My name is Angella Lee and I am a non-Jewish reader at Aish.com. I discovered Aish.com because I read Rebbetzin Esther Jungreis’s book The Committed Life and discovered that her daughter, Slovie Jungreis-Wolff, writes for Aish.com. I can't overemphasize the impact Judaism has had on me as a non-Jew. In particular, Judaism has taught me the sanctity of human life, all human lives, no matter how distant and unrelated to my own.

Based on what I read by Rebbetzin Jungreis, I know that I must keep my instincts sharp, cry out in pain and take lawful action when human brothers and sisters are being killed. Today in America, I believe this rings true in regards to the murders of innocent, unarmed civilians such as Ms. Lori Gilbert-Kaye, Ms. Mindy Ferencz, Mr. Moshe Deutsch, Mr. Douglas Miguel Rodrigues, Detective Joseph Seals and Rabbi Josef Neumann in acts of violent anti-Semitism. It also rings true for the murders of innocent, unarmed African-American civilians such as Mr. George Floyd and Mr. Ahmaud Arbery in acts of racially motivated brutality. This idea applies for state-enforced murders of innocent civilians everywhere in the world.

I noticed with great alarm that humanity often responds with apathy and inaction when this happens, and my number one takeaway from Judaism is that I must never respond this way. I think this demonstrates the proper grasp and practical application of Judaism for the non-Jewish reader.

In response to the media turmoil and riots over the killings of unarmed Jewish and African-American civilians in the United States, I thought of a recent Aish.com video by Rabbi Benjamin Blech. This video was about the Jewish holiday Shavuot, which celebrates the moment in human history that mankind received the Ten Commandments from God. In this video, Rabbi Blech drew a parallel between the first commandment, I Am The Lord Thy God, with the sixth commandment, Thou Shalt Not Murder. Rabbi Blech then quoted Dostoevsky, "Without God, anything is permissible." These items highlight the necessity of divine law and intervention for humans to live morally, meaningfully and safely. Without God, murder becomes permissible. The world has Judaism to thank for introducing the concept to humanity that because there is one God, we are all created in His image, and destroying His image is murder.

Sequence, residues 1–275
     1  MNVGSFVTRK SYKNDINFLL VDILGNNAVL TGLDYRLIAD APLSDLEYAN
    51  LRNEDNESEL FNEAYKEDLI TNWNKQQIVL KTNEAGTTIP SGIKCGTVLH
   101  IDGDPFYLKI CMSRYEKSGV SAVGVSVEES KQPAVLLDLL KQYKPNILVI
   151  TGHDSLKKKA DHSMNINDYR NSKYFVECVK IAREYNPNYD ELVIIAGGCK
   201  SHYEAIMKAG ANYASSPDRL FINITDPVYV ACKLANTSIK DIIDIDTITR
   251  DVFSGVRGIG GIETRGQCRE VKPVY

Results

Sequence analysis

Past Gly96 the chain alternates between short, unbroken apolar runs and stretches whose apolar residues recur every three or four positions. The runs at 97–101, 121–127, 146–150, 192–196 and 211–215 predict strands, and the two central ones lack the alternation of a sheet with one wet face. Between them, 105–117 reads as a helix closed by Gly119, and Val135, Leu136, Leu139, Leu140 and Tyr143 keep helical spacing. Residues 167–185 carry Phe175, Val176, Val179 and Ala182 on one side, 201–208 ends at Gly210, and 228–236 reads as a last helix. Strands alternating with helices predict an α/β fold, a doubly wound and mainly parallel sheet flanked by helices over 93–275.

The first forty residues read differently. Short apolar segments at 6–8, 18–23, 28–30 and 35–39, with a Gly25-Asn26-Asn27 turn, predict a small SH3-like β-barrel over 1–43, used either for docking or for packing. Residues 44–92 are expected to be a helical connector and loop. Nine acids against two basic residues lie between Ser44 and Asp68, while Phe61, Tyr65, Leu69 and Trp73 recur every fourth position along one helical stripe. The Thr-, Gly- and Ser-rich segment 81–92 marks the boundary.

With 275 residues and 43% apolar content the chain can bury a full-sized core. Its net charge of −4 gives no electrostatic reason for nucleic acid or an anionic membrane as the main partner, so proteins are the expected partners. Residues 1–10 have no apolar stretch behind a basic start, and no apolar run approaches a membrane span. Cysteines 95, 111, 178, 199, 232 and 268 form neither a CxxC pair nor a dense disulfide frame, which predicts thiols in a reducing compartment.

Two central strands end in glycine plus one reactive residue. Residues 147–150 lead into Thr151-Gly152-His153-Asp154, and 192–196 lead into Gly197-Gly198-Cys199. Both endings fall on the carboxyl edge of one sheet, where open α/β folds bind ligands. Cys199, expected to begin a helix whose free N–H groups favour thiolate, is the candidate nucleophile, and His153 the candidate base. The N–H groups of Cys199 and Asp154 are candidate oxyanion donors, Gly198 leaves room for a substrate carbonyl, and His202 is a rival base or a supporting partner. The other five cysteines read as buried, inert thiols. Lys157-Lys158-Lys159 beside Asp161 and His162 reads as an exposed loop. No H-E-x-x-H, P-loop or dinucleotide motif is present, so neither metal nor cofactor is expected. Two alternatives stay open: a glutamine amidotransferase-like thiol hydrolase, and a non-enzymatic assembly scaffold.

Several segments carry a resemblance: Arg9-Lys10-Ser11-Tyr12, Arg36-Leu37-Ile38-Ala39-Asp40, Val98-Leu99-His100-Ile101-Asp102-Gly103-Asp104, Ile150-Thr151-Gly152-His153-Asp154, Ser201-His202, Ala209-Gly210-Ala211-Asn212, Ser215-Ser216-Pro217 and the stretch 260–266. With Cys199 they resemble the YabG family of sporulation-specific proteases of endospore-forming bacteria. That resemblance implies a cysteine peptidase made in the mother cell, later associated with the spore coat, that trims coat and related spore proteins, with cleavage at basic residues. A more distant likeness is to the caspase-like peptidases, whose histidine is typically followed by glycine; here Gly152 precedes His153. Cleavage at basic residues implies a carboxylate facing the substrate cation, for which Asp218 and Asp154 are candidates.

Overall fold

Through my personal reading of Judaism I learned to see the sanctity in all lives, not just the lives of those near to me. And it is my moral duty to live up to this knowledge and stand up against all forms of racism and hatred, including anti-Semitism and bigotry towards African-Americans. The world would be a far better place if everyone would educate themselves about the importance of the Ten Commandments and performing acts of kindness.

I grew up in the sparse country and provincial Massachusetts in the 1990s and 2000s with very little education on Jewish and African-American history and culture. I learned the basics about slavery and the Holocaust (I even took a literature course with Nobel Prize winner Elie Wiesel at Boston University in 2010) but was not aware of the extent of the extreme suffering both communities endured because of state-condoned violence. I have few shared memories and experiences with either community, but my Jewish education has taught me that human life is sacred, and I must always feel a healthy instinct of pain, cry out in response and take lawful action when I witness human lives, no matter how distant from my own, being killed or disrespected.

I look forward to growing in my Jewish learning. I am just one average person, but I can still make a difference in the world by being a candle that lights other candles, or perhaps a mirror that reflects the candles. Hellen Keller said that walking with a friend in the dark is better than walking alone in the light. I hope to be a true friend to God’s fellow creations during this dark time in American history.

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